(40 Sup.Ct.)


articles "wholly manufactured of materials | 3. CARRIERS 280(7)-LIABLE TO
imported." The Worthington Case was cited.
In that case a duty was exacted upon "white
hard enamel" under a statute which imposed
a duty of 25 per cent. upon "watches, watch
cases, watch movements, parts of watches
and watch materials." This on the conten-
tion of the government that the enamel fell
under the head of "watch materials." The
contention was rejected; it being conceded
that the enamel was used for many other pur-
poses than for watch faces. In the Anheuser-


A railroad company was liable for an injury sustained by an employé traveling on a pass through its willful or wanton negligence, though the pass contained a release of liability for injuries.

On Writ of Certiorari to the Court of Appeals of Lucas County, State of Ohio.

Action by Wilbur H. Mohney against the Α New York Central Railway Company. judgment for plaintiff was affirmed by the Ohio Court of Appeals, and defendant brings

Busch Case a claim of drawback upon corks
exported with bottled beer was rejected. The
ground of the claim was that the corks were
subjected to a special treatment to be fit for
use, and hence it was contended that they
should be regarded as "imported materials L. Ed. 419.



See, also, 248 U. S. 554, 39 Sup. Ct. 10, 63

used in the manufacture of articles Messrs. Howard Lewis, John H. Doyle, manufactured or produced in the United and Frederick W. Gaines, all of Toledo, Ohio, States"-that is, the bottled beer. We replied for petitioner. "a cork put through the claimant's process is still a cork." The cases, therefore, do not sustain the contention for which they are cited.

[2] Objection is made to the action of the Circuit Court of Appeals in simply reversing the judgment of the District Court and not remanding the case for a new trial. There


was no objection made to that action and no request for a remand of the case, and besides there was nothing to retry. The case involves only propositions of law. Judgment affirmed.

Mr. Albert H. Miller, of Toledo, Ohio, for respondent.

Mr. Justice CLARKE delivered the opinion of the Court.

The respondent, whom we shall refer to as the plaintiff, brought suit against the petitioner, defendant, to recover damages for severe injuries which he sustained in a rearend collision on defendant's railroad, which he averred was caused by the gross negli


gence of the engineer of the train following that on which he was a passenger, in failing to look for and heed danger signals, which

Mr. Justice DAY and Mr. Justice VAN DE- indicated that the track ahead was occupied. VANTER dissent.

(252 U. S. 152)


(Argued Jan. 27, 1920. Decided March 1, 1920.)


No. 196.


Where a railroad employé, traveling on his employer's train from Toledo to Youngstown, used an annual pass good only between Toledo and Cleveland, intending to pay his fare in cash between Cleveland and Youngstown, between which points the train ran over the tracks of a different company, the validity of a release of liability for personal injuries contained in the pass was governed by the state law, though at Youngstown he intended to take another train of his employer for a point outside the state. 2. CONTRACTS 147(1) TERMS CANNOT BE CHANGED BY PARTY'S MENTAL PURPOSE. The mental purpose of one of the parties to a written contract cannot change its terms.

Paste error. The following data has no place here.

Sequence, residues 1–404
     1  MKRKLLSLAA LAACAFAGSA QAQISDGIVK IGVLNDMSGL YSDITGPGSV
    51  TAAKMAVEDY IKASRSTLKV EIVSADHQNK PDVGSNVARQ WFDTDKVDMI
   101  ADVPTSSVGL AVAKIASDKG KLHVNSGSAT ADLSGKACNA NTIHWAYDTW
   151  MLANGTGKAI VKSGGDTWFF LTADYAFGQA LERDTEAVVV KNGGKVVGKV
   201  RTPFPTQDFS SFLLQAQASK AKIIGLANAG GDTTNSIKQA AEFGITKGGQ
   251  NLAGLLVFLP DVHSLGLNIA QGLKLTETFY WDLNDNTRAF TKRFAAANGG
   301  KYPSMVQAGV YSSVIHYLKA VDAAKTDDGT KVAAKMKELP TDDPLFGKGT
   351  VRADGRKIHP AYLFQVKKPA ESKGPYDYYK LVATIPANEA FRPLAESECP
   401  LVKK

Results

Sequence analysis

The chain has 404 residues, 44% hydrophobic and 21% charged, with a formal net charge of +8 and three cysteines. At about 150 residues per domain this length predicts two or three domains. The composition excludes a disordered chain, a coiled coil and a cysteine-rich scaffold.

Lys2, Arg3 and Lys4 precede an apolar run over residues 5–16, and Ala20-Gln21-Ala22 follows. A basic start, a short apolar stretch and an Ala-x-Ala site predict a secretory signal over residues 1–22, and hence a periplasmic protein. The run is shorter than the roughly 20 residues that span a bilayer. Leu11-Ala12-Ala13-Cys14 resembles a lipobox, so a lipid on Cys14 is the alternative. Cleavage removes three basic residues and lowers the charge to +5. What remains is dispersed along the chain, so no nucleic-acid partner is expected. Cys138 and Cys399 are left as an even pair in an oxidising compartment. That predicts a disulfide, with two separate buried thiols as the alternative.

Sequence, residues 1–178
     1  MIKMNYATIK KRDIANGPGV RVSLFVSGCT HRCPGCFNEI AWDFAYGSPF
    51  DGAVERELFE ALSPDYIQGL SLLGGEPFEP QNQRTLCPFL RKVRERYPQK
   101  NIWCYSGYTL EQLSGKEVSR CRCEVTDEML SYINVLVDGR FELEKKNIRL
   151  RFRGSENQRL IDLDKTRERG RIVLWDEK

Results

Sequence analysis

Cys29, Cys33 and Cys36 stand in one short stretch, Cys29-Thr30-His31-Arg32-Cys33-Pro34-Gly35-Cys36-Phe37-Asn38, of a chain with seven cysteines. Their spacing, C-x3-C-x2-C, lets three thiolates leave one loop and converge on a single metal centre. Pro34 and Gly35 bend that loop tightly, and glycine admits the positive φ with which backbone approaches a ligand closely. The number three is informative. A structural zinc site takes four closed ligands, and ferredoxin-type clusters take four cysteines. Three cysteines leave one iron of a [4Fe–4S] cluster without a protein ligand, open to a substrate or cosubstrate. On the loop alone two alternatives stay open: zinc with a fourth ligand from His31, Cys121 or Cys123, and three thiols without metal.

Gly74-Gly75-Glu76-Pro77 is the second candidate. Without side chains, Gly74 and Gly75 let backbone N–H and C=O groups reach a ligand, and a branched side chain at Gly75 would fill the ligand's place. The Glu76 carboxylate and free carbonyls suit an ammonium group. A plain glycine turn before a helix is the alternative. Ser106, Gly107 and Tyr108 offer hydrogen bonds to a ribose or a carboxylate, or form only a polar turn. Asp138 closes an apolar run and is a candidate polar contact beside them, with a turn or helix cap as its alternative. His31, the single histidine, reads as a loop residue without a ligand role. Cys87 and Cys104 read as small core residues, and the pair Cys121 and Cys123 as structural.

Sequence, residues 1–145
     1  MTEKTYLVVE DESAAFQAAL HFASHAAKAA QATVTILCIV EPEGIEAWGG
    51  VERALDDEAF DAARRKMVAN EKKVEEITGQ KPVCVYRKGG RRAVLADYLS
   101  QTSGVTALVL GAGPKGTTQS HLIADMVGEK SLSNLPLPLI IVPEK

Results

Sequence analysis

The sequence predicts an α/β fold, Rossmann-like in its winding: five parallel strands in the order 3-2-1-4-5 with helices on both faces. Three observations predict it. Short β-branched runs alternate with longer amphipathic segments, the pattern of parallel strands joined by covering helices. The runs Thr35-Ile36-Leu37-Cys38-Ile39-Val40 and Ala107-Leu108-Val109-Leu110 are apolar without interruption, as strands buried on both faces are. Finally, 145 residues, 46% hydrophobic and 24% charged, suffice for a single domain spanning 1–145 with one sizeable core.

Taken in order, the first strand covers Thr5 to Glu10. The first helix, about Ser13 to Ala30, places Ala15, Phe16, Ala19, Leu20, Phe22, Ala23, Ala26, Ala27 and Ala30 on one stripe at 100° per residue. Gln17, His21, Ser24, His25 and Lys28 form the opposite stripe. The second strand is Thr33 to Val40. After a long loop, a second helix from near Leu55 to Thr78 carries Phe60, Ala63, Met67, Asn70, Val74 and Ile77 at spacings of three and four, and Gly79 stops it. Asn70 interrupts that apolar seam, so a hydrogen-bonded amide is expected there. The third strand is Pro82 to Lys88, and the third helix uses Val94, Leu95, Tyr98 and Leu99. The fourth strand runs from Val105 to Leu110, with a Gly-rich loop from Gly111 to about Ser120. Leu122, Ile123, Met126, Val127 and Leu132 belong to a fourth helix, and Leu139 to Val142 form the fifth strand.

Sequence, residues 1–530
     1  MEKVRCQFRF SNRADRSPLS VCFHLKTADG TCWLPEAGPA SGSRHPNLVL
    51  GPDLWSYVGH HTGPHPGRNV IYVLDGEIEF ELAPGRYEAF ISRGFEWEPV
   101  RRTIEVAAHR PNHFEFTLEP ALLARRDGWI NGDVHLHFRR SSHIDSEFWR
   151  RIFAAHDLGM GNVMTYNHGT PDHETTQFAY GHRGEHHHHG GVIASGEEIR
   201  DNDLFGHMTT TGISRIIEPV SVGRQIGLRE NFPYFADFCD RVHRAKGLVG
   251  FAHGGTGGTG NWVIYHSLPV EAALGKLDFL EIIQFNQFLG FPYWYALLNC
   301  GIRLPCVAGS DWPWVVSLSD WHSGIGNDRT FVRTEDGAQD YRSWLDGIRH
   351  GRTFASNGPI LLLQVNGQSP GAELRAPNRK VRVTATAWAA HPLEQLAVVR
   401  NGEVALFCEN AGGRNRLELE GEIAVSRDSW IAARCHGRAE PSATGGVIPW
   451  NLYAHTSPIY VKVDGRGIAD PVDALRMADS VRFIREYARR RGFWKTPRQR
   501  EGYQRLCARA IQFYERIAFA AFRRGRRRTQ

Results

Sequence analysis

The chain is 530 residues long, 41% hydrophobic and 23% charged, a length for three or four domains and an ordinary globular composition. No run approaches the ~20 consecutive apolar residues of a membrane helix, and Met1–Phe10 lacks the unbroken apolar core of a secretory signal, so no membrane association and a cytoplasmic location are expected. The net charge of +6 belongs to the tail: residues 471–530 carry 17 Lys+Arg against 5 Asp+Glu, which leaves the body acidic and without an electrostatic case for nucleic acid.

The plaintiff was employed by the defendant as an engineer, with a run between Air Line Junction, at Toledo, and Collingwood, a suburb of Cleveland, wholly within the state of Ohio. As an incident to his employment he was given an annual pass, good between Air Line Junction and Collingwood, which contained the release following:

"In consideration of receiving this free pass, cach of the persons named thereon, using the same, voluntarily assumes all risk of accidents, and expressly agrees that the company shall not be liable under any circumstances, whether of negligence of itself, its agents, or otherwise, for any injury to his or her person, or for any loss or injury to his or her property, and that as for him or her, in the use of this pass, he or she will not consider the company as a common carrier, and liable to him or her as such.

"And, as a condition precedent to the issuing and use thereof, each of the persons named on the face of this pass states that he or she is not prohibited by law from receiving free transportation, and that the pass will be lawfully used."

Having been informed that his mother had died at her home near Pittsburgh, Pa., the plaintiff, desiring to attend her funeral, applied to the defendant for, and obtained, a pass for himself and wife from Toledo to

For other cases see same topic and KEY-NUMBER in all Key-Numbered Digests and Indexes

Youngstown, Ohio, via Ashtabula, and was promised that another pass for himself and wife would be left with the agent of the company at Youngstown, good for the remainder, the interstate part, of the journey to Pittsburgh. But the line of the defendant via Ashtabula to Youngstown was much longer and required a number of hours more for the journey than it did to go via Cleveland, using the Erie Railroad from that city to Youngstown, and for this reason, the record shows,